Low Concentration of Fecal Valeric Acid at 1 Year of Age Is Linked with Eczema and Food Allergy at 13 Years of Age: Findings from a Swedish Birth Cohort
Artikel i vetenskaplig tidskrift, 2022
Background: Short-chain fatty acids (SCFAs) are abundant bacterial metabolites in the gut, with immunomodulatory properties. Hence, they may influence allergy development. Previous studies have linked fecal SCFA pattern during infancy with allergy. However, the association of SCFAs to allergic outcomes in adolescence is not well established. Here, we examined how the fecal SCFA pattern at 1 year of age related to allergy at 13 years of age. Methods: Levels of 8 SCFAs in fecal samples collected at 1 year of age from 110 children were quantified using gas chromatography. The same individuals were evaluated at 13 years of age for allergic symptoms, allergy diagnosis and allergy medication by questionnaire, and for sensitization using skin prick test against egg, milk, fish, wheat and soy, cat, dog, horse, birch, and timothy grass. Results: The concentration of fecal valeric acid at 1 year of age was inversely associated with eczema at 13 years of age (OR 0.6, 95% CI: 0.4-1.0, p = 0.049) and showed a trend for inverse association with food allergy at 13 years of age (OR 0.6, 95% CI: 0.4-1.0, p = 0.057). In a sub-group analysis of children with eczema at 1 year of age, a higher concentration of fecal valeric acid was linked with reduced risk of their eczema remaining at 13 years of age (OR 0.2, 95% CI: 0.0-1.5), although this latter analysis did not reach statistical significance (p = 0.12). Conclusions: Our findings lend further support to the notion of early childhood as a critical period when allergy may be programmed via the gut microbiota. Higher levels of fecal valeric acid may be characteristic of a protective gut microbiota and/or actively contribute to protection from eczema and food allergy.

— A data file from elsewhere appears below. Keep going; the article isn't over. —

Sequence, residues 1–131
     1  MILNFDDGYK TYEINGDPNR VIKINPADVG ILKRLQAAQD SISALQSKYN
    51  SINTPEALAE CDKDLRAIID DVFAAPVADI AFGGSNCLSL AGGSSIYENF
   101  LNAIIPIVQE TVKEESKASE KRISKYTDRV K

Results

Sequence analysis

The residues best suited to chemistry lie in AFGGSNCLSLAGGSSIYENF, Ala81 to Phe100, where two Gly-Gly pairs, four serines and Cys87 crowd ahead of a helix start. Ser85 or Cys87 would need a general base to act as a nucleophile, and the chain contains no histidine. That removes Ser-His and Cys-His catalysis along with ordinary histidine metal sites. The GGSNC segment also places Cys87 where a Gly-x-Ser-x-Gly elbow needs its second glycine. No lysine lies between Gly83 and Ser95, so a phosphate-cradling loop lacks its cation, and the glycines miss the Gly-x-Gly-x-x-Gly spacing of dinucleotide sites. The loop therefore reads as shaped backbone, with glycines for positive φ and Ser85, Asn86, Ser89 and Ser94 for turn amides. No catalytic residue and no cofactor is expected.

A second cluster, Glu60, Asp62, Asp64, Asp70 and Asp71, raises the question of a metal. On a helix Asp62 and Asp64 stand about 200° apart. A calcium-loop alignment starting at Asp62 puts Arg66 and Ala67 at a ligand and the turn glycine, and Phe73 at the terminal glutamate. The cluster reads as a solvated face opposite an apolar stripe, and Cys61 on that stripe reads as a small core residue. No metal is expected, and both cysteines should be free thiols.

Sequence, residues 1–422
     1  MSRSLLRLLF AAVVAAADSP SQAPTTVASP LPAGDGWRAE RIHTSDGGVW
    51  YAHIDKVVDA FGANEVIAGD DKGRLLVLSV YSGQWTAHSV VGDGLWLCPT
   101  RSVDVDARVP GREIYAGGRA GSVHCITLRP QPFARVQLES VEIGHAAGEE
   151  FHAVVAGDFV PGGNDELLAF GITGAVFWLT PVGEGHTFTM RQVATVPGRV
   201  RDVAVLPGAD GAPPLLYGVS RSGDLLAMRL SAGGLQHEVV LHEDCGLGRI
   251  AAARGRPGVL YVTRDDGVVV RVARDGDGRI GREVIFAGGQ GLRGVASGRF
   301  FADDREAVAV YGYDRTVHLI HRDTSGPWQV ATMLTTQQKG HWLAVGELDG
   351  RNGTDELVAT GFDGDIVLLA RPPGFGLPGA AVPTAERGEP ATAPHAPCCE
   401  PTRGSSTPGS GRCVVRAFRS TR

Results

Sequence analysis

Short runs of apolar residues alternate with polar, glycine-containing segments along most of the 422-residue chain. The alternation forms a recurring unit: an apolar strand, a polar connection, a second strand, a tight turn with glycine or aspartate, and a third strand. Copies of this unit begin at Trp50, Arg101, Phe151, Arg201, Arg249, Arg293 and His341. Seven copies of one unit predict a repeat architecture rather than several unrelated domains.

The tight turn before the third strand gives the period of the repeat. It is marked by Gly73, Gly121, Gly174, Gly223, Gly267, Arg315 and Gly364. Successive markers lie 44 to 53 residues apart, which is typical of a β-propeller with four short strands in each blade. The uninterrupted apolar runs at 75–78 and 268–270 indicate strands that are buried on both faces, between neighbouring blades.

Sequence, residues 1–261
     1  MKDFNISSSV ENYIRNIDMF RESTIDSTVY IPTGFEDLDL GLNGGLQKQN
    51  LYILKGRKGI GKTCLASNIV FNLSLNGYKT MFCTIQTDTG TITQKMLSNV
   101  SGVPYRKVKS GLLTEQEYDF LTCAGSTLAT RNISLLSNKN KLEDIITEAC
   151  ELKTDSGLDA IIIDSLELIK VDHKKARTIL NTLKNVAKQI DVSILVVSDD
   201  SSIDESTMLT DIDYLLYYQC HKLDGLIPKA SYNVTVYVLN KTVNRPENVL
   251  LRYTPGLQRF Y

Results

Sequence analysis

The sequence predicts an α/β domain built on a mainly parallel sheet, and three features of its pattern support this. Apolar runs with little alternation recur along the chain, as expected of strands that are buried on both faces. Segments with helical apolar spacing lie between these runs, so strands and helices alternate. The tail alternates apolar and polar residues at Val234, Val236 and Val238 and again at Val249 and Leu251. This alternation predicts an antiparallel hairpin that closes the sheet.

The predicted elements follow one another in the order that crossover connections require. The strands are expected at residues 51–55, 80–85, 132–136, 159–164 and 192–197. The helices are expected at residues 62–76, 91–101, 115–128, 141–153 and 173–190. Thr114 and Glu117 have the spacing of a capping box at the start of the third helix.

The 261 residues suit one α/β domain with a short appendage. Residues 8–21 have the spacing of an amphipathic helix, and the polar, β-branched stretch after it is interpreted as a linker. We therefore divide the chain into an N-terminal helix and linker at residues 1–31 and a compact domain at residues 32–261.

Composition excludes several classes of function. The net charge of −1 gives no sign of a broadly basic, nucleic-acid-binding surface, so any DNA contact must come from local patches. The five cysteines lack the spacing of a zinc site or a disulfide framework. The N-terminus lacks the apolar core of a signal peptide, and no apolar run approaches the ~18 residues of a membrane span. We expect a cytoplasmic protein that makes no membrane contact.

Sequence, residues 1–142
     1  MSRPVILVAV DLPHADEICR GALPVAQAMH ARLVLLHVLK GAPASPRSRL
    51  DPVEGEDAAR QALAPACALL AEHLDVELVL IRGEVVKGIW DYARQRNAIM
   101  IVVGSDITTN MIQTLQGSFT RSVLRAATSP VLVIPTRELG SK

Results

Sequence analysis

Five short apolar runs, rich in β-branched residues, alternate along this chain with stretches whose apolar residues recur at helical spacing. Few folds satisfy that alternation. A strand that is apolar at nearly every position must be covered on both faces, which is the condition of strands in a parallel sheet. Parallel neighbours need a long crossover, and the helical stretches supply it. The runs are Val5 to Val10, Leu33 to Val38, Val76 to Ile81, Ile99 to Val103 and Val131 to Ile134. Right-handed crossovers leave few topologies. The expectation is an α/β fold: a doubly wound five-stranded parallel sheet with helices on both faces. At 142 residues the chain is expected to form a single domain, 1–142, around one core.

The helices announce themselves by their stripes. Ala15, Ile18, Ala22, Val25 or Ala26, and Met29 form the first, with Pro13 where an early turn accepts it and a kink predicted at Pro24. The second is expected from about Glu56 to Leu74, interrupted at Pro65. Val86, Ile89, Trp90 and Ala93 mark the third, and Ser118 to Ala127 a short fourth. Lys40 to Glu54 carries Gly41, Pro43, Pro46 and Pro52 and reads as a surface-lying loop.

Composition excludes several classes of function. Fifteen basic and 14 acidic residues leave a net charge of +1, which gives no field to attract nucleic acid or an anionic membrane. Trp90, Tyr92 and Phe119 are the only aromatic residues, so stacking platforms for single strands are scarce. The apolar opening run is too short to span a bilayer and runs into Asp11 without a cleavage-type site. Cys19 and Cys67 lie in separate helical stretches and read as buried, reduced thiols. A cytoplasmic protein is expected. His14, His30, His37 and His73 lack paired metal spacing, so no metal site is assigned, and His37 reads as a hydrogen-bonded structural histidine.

Short-chain fatty acids